The middle section of Pampelonne beach is home to cavorting nudes, mostly with Northern European accents. The beaches in the middle are are not as well swept of sea weed as the upscale beaches. Nor do they offer good restaurants or cool drinks served at your deck chair. But they are cheaper to hang out on.
Towards the southern end of Pampelonne, is the restaurant Le Club 55. The restaurant is set back in foliage, nearly out of sight of the water. No one swims at Le Club 55. They brunch. The restaurant, styled like a small Moorish house with tables in the interior courtyard, is pleasant. The food is good, but pricey. The film crew of God Created Woman truly created Le Club 55. It's a café which grew out of a beach cottage whose owner was asked to provide meals and seized the opportunity to start what is now the elegant Club 55. Here the rich and occasionally famous arrive by yacht and exotic cars, rent a mat to lie in the sun, then enjoy languid lunches.
The L’Aqau Club is the last stop on the beach. It’s a favorite restaurant / beach for gays, and by far the liveliest spot on Pampelonne. It’s the only beach restaurant open year-around and has a broad selection of loyal local clientele. There is always something going on at L’Aqua, like a fashion show or an impromptu revue.
Further south, at the cap Taillat is a well-known beach to the initiated Tropezians: la plage de la Bastide-Blanche. Make an effort to find it at the end of a bad road and you will be rewarded.
For some all of this glammer, glitz and commercialization has its downside. Beautiful the beach certainly is. Or at least it would be, were it not packed with half-naked, greased bodies sipping £25 cocktails on cushioned sun-loungers in front of the Tahiti, the Blue Lagoon, La Voile Rouge and the rest.
Some Beaches Closer to Town
A few beaches are located nearby to the west of the town, within reasonable walking distance.
Plage des Graniers
The nearest one and mainly visited by St. Tropezians. The beach gets very crowded. Located East of town in a little cove past the cemetery. It's a long walk or a short drive away.
Further east, on the route des Salins, is the Plage des Cannebiers. This beach has creeks and crowds too. Located just below the Citadel. Baie des Canebiers also attracts crowds.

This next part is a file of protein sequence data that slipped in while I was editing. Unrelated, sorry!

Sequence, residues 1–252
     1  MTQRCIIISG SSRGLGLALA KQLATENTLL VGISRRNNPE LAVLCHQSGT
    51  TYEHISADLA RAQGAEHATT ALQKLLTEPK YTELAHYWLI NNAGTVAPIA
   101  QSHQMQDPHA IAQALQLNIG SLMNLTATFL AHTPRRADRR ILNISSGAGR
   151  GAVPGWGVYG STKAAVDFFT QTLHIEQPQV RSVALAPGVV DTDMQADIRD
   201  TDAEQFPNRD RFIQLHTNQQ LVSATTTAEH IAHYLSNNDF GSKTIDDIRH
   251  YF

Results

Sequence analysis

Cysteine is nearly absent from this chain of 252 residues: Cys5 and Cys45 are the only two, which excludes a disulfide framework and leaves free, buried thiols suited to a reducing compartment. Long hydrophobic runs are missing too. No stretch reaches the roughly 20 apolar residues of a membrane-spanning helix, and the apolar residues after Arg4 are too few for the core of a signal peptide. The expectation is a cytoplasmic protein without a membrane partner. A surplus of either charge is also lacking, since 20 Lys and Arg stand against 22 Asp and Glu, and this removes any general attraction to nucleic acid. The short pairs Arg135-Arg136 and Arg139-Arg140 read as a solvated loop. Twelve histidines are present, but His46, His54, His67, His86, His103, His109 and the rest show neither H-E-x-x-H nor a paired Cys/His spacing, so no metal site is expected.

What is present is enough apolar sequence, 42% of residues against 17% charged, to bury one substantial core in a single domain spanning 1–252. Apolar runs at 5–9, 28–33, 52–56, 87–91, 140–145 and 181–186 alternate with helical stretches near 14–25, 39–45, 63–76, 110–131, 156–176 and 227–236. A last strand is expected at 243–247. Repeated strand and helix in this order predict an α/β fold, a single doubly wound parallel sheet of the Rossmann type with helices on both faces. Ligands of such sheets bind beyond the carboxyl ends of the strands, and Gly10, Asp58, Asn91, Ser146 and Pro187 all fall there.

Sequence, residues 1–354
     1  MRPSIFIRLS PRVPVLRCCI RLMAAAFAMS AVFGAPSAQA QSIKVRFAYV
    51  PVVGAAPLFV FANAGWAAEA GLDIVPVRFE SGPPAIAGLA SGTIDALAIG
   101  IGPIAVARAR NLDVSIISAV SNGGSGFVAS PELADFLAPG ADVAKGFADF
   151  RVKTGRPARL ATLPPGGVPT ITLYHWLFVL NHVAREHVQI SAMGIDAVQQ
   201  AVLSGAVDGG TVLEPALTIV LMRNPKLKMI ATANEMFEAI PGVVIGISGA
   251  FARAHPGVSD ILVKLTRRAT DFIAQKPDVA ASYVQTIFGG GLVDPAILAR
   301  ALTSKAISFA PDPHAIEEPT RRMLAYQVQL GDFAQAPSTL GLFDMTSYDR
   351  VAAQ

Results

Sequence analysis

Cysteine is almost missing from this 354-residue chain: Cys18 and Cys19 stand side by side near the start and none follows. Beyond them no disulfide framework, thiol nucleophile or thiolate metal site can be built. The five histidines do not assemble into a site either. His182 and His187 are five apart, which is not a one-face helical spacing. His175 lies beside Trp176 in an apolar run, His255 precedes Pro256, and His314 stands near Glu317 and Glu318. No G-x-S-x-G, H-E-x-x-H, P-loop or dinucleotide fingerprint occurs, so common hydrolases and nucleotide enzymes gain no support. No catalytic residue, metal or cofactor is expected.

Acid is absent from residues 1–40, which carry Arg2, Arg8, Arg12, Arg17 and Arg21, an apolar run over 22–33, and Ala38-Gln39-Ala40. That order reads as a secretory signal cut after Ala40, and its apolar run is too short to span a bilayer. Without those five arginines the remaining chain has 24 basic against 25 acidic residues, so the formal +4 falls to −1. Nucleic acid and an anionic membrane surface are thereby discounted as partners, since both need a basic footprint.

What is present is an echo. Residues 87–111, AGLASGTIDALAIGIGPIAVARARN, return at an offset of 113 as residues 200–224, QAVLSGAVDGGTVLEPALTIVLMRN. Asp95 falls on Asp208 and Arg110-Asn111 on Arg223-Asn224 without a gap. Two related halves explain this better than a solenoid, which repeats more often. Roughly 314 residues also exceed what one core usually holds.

The plage des CANEBIERS is slightly larger and overlooked by Brigitte Bardot’s villa, La Madrague.
Bouillabaisse Beach - west of town centre, is coming back into trend after years of declining. It’s a simple local beach, more favourite to the native St. Tropeziens.
Plage Port Grimaud: This long golden-sand beach is set against the backdrop of the urban architect François Spoerry's cité lacustre, facing St-Tropez. Spoerry created this 247-acre marine village inspired by an ancient fishing village--"the most magnificent fake since Disneyland." The world has since flocked to Port Grimaud and its beach, including homeowners like Joan Collins, who comes here to hide from the paparazzi. Some of the Riviera's most expensive yachts are tied up in the harbor. This beach isn't as decadent as those at St-Trop, but it does pick up the "overflow" on the see-and-be-seen circuit.
In 2001, St Tropez lost its Blue Flag award for top-quality bathing waters, apparently because of oil pollution and smelly drains. The mayor, Jean-Michel Couve, says the jury's decision is "incomprehensible", noting the town has spent £5m on beach cleanliness and hygiene.
In season, some 30,000 people a day now cram into the town's winding, ochre-coloured streets and spill on to its beaches.
Whatever the news may be about St. Tropez's beaches, how glamorous does it sound when you tell your friends you visited "St Tropez"? A coasline oozing with glamorous golden shores, glittering waters and splendid sunshine. When you get to St. Moritz, head to Plage de la Bouillabaisse where even the sandy beaches get groomed and the weather is as hot as the stars that visit here!
THINGS TO DO:
Walk along the coast and admire its impressive yachts in abundance
Sip wine at La Plage des Jumeaux and enjoy the show.
Loads and loads of shops and restaurants.
People watching, eating, shopping. The most popular people-watching spot is Senequier’s, an open-air cafe facing the harbor.
Visit Place des Lices, a rectangular square two blocks inland from the harbor.
Take a soft walk up the hill behind St. Tropez to the bay overlooking Citadelle
Rent a beach chair
Visit the Pampelonne beaches
Remove your clothes, except for your gold
Take in the beautiful scenery
Run into the ocean for a dip